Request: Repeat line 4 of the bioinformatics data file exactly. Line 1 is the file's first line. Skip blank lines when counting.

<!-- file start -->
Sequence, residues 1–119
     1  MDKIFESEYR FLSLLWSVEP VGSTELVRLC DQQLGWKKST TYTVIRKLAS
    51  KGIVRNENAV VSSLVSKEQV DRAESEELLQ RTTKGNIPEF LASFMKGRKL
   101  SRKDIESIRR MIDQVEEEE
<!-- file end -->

   101  SRKDIESIRR MIDQVEEEE